Uniquely designed each tube is ‘blown by mouth and shaped by hand’ to become an advertising instrument. To create a neon light first one had to find a work bench with a fireproof cover, running water, gas supply, blower fan and various burners. Then one had to fix a rubber hose on to the glass tube and know how and when to blow through the hose to keep the tube open and know how to shape letters, hearts, dragons, even flying pigs and more while filling the tube vacuum with a noble gas, then apply electrodes and seal the tube. The neon tube, a technology speaking of modernity to come, was not built in autonomous factories but was created by the hands of new artisans in down to earth workshops where glass blowers and sign writers produced these new signs using their breath, mouths and hands. The neon signs they created were often exceptionally original, and shined on with artisan creativity and craftsmanship.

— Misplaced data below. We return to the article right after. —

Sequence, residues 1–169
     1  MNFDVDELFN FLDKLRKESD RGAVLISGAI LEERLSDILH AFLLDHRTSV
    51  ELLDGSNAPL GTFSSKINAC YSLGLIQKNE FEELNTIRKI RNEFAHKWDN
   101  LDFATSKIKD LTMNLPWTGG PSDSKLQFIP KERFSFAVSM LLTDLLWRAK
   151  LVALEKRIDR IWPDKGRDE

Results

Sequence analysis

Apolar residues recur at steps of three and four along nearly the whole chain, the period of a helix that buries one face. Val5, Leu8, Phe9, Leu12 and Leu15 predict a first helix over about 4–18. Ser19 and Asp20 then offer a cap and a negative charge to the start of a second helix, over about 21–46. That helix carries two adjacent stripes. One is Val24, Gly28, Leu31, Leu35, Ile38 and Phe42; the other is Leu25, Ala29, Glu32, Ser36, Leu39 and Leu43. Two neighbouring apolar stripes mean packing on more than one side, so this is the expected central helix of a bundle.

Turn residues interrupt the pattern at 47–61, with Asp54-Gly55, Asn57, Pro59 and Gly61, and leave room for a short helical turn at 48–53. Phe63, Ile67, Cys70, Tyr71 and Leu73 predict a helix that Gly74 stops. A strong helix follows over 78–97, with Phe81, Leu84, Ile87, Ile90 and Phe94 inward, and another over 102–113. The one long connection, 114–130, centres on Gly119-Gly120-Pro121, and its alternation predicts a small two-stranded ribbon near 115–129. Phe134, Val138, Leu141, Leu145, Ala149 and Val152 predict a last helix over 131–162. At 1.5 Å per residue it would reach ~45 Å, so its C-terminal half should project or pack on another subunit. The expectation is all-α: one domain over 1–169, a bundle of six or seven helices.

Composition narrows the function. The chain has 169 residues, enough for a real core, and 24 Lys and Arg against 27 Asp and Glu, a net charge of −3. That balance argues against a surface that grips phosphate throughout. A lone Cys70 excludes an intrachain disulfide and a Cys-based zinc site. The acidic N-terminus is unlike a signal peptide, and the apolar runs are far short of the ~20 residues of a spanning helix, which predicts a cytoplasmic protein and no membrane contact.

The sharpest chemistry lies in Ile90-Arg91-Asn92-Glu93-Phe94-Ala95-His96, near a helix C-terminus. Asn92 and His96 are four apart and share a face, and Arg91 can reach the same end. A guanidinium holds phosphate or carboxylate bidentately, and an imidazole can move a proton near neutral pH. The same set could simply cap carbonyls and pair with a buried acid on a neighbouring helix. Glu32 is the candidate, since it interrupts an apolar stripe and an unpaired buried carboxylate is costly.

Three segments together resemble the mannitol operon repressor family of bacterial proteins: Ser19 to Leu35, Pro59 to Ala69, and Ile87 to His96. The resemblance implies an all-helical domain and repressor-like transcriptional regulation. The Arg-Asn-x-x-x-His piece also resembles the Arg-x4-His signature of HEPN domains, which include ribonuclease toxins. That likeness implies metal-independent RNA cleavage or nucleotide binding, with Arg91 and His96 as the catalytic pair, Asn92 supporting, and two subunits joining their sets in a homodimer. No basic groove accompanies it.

Neon signs were once the primary form of storefront advertising in the United States from the 1920s to 1960s. During this period, these eye-catching and affordable signs were symbols of modernity, consumerism and the excitement of travel on the open road. As car travel increased, with mobile leisure society discovering the highways, the signs that beckoned travelers to stay the night also exemplified that same sort of exuberance of new car travel, with swooping arrows, fins, pointing sputniks and enough colored neon to light up the night for miles around.